Business & Technology

Mmm, 'damp dog hair'

The fight over salt: Big Food vs. Us

Salty dog Alton Brown The biggest loser in Michael Moss’s New York Times exposé of the food industry’s fight against salt restrictions isn’t the food industry. It isn’t government, either. In my view, the real loser is television chef Alton Brown: With salt under attack for its ill effects on the nation’s health, the food giant Cargill kicked off a campaign last November to spread its own message. “Salt is a pretty amazing compound,” Alton Brown, a Food Network star, gushes in a Cargill video called Salt 101. “So make sure you have plenty of salt in your kitchen at …

I pod

Latest podcast: A close look at the “town that food saved”

Ben Hewitt on his farm outside of Hardwick.Hardwick, a hardscrabble town in rural Vermont (pop. 3,200), once based its economy on a non-renewable resource locked up in its surrounding hillsides: granite. But then the granite ran out — taking the town economy down with it. More recently, the town has embarked on a wild experiment. Its economy is now based on farming and food production at a variety of scales, from niche veggie farms to a national organic seed business, from a locavore café to a statewide salad-greens producer. It’s worked. While the national finances plunged into the abyss in …

Wind electricity from flying energy generators cheaper and more reliable than coal?

A technology that might provide clean electricity that is cheaper and more reliable than coal is ready for testing. Some of the world’s leading scientists think it will work. So why aren’t we spending a few million (not billion but million) dollars to find out? The basic idea: wind blows harder and more constantly at high altitudes where aircraft fly than over the tops of towers we install wind turbines on today. Attach wind turbines to tethered helicopters and we can generate many times the energy of conventional turbines. We can use the tethers both to send electricity to the …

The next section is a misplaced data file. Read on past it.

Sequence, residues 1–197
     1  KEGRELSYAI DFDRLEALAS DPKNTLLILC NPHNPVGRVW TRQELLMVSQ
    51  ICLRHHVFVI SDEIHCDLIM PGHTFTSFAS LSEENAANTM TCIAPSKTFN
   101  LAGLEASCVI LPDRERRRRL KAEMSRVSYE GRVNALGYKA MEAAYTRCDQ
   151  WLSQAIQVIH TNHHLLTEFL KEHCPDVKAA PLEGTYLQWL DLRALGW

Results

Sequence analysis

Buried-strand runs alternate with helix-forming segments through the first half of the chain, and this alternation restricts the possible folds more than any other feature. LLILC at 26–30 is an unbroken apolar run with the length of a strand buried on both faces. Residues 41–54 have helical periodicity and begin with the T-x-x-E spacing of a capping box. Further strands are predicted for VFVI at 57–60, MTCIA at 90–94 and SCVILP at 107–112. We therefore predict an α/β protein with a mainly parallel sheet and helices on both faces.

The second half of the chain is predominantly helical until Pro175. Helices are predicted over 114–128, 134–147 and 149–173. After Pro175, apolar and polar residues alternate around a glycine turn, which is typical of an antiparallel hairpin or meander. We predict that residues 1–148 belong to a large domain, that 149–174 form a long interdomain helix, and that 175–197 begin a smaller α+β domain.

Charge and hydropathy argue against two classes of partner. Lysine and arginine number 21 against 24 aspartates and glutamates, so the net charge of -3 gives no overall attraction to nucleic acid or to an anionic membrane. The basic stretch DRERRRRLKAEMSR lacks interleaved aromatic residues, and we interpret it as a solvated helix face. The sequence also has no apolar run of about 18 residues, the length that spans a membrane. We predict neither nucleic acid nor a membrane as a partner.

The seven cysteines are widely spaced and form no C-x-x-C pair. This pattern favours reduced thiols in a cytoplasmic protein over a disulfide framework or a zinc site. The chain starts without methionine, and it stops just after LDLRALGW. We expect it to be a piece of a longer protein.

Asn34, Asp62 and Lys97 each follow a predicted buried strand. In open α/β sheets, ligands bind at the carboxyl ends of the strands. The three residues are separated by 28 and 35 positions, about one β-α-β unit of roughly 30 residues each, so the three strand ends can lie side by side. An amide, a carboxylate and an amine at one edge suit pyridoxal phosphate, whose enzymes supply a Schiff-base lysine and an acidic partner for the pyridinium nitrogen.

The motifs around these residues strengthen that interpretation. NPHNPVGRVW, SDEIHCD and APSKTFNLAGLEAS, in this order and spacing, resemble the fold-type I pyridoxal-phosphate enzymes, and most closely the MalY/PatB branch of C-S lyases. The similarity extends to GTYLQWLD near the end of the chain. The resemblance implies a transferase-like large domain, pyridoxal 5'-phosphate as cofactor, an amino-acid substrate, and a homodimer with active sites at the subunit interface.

going for a granholm run

Michigan: Where U.S. clean energy, emissions, efficiency policy really counts

On Friday, May 21, President Obama gathered in the Rose Garden the chiefs of his transportation and environmental departments to take the next big step to leverage federal climate policy and clean energy investment to spur new job growth. The president directed Transportation Secretary Ray La Hood and Environmental Protection Agency Administrator Lisa Jackson to draw up new rules that make heavy trucks much more fuel-efficient and produce less global warming gases. “This standard will spur growth in the clean energy sector,” Obama said. “We know how important that is. We know that our dependence on foreign oil endangers our security …

Valley forged

Obama preaches green tech gospel to California choir

Silicon Valley in the Internet age has not made for great presidential photo ops. The Valley’s computer-chip factories were off-shored decades ago and (Google excepted) the software giants that supplanted hardware companies just didn’t have the same pizzazz — T-shirted geeks writing code can’t compete with guys and gals in bunny suits tending big futuristic machines. The rise of green tech has changed all that. The Valley is back in the business of building stuff — solar panels, electric cars, fuel cells, and various energy efficient widgets and gadgets. And so when President Obama’s helicopter landed Wednesday morning at Solyndra, …